Q: We’re planning on remodeling our kitchen and would like to know in what order are installations, materials, etc. put in and torn out.
A: After you’ve made all of your choices and have the installation specifications for the products and materials you will use, you will need to discuss the schedule with your designer and/or contractor. They will change the installation order based on the lead times and specifications on various materials.
A typical schedule would start with a complete tear-out, any structural modifications, installation of windows and doors, plumbing modifications, electrical modifications, drywall, tape and texture, painting, floor and underlayment (particle board), cabinet installation, countertops, plumbing and electrical top-out, floor covering installation and appliance installation, followed by a grand dinner party.
Q: Our kitchen will be getting a “face lift” in a few weeks. While I am happy with the layout and structure of our cabinets, I dislike the color of the wood. Do you have any quick-fix suggestions or methods that work best?
A: One way you could go is “glazing” your cabinets by painting them with a base color then applying a glaze (usually a darker color than the paint) which is wiped away and only left in the crevices. Once dry, a top coat can be applied for protection. Another finishing process that gives an aged effect is “antiquing” in which different colors are applied and the edges of the outer coats are sanded through to expose the colors beneath.
For best results, I’d recommend hiring a designer who’s experienced with re-facing cabinets, especially if your intention for doing this is to save money. These effects can be tricky so for your first time trying, you may not get the results you desire and that can end up costing more.
Q: I’ve heard of Universal Design but not sure what it is exactly. Now that we’re ready to remodel I’d like to learn more. Do you have some advice or an explanation?
A: Traditionally, the built environment has been designed for an idealized, able-bodied, non-elderly adult. Since that description fits less than 15 percent of our population, the result is environments, including kitchens and bathrooms, which create handicaps and barriers for the rest of us. Demographics, legislation, public awareness and personal experience are pressing us to examine the basic assumptions we have used in design, particularly in high function areas like the kitchen and bath.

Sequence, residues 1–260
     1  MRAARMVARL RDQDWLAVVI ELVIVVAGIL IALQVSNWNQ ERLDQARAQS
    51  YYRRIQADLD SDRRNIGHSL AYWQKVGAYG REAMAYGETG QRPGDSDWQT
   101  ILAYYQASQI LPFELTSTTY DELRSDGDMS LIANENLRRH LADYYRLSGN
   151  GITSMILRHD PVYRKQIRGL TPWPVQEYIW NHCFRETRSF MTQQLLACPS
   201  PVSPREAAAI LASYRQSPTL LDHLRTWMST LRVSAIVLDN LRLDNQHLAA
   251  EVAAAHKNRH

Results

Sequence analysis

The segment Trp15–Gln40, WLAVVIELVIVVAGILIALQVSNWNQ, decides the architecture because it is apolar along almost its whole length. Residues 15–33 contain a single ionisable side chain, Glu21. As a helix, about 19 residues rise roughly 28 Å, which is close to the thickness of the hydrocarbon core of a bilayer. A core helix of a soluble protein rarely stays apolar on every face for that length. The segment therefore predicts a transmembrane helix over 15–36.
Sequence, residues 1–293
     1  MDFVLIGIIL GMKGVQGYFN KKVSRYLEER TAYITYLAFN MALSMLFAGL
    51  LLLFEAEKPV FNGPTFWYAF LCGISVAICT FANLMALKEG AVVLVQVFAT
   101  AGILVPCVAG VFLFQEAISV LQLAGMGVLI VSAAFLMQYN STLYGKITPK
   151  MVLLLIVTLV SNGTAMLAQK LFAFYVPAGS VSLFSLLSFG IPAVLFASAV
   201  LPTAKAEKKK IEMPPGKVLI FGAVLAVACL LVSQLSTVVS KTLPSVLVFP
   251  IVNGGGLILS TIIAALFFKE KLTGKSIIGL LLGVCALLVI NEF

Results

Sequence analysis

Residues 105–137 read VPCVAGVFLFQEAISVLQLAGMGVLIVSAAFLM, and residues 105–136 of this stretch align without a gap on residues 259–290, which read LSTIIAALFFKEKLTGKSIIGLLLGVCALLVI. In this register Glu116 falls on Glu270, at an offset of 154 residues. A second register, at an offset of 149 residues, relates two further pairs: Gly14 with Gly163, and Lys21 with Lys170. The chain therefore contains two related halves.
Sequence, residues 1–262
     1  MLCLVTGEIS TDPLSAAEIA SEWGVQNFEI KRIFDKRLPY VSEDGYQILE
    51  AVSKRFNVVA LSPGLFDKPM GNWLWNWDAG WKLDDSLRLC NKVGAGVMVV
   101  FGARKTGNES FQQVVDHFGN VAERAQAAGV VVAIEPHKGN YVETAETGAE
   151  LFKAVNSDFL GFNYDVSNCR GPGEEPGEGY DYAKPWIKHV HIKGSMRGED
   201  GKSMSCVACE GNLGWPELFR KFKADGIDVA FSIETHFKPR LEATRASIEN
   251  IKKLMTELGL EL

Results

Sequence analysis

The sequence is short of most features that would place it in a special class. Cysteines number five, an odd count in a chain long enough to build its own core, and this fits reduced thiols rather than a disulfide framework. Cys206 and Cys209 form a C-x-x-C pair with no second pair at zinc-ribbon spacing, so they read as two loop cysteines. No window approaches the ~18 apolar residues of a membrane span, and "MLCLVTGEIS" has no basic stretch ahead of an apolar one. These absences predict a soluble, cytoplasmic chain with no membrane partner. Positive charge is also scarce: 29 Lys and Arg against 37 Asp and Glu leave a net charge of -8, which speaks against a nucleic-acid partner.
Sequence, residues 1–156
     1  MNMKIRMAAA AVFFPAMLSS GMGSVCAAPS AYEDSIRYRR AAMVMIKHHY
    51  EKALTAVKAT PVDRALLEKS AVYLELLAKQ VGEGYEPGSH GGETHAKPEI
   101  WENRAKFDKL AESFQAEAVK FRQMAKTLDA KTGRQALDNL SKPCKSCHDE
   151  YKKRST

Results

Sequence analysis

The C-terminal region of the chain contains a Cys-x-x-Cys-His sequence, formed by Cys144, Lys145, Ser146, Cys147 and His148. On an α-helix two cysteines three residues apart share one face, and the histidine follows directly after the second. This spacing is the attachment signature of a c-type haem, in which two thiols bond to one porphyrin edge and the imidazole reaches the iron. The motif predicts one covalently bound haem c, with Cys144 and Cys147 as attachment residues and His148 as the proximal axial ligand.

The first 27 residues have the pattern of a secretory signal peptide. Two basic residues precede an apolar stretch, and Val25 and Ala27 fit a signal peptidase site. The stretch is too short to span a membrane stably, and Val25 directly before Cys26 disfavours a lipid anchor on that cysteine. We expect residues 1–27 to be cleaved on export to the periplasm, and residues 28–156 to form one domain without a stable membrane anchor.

The result is design that breaks the traditional molds and is more flexible and adaptable. It is accessible to or useable by all people, regardless of age, size or physical ability, as much as possible. This is Universal Design.
In terms of bath design, you will want to consider clear floor spaces sufficient for entering, closing the door and approaching each fixture. In addition, you’ll want support in the walls for grab bars to be placed as needed. The beautiful choices available today in fixtures make it easy to create this supportive environment attractively. For more extensive information, Universal Bathroom Planning is available from NKBA.
Q: How do I put a budget together to make sure I get the kitchen I really want?
A: Your kitchen and bath professional designer or CKD/CBD can help you with this process. Be honest with them about your budget expectations. Cabinets, appliances and floor coverings come in a variety of price ranges. A kitchen or bath design can be done in all price ranges. Some changes may be required, but the basic design can usually be achieved.
You should also do your own research. Price appliances and flooring, ask friends who have remodeled about the costs and read shelter magazines to help you mentally prepare a budget that is realistic.
Courtesy of NKBA Content